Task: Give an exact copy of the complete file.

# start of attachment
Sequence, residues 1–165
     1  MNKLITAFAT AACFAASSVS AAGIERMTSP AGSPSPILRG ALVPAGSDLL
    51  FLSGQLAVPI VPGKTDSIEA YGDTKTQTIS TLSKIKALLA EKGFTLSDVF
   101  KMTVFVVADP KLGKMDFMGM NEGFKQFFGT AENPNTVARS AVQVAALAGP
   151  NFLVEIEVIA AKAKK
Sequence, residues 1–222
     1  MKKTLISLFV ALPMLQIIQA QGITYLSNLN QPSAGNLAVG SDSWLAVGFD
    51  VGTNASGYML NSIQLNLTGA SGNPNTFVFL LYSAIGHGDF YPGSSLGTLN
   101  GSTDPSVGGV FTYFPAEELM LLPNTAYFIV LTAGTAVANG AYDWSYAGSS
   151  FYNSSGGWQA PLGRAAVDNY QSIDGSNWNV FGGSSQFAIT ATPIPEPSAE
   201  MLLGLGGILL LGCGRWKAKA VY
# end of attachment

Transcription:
Sequence, residues 1–165
     1  MNKLITAFAT AACFAASSVS AAGIERMTSP AGSPSPILRG ALVPAGSDLL
    51  FLSGQLAVPI VPGKTDSIEA YGDTKTQTIS TLSKIKALLA EKGFTLSDVF
   101  KMTVFVVADP KLGKMDFMGM NEGFKQFFGT AENPNTVARS AVQVAALAGP
   151  NFLVEIEVIA AKAKK
Sequence, residues 1–222
     1  MKKTLISLFV ALPMLQIIQA QGITYLSNLN QPSAGNLAVG SDSWLAVGFD
    51  VGTNASGYML NSIQLNLTGA SGNPNTFVFL LYSAIGHGDF YPGSSLGTLN
   101  GSTDPSVGGV FTYFPAEELM LLPNTAYFIV LTAGTAVANG AYDWSYAGSS
   151  FYNSSGGWQA PLGRAAVDNY QSIDGSNWNV FGGSSQFAIT ATPIPEPSAE
   201  MLLGLGGILL LGCGRWKAKA VY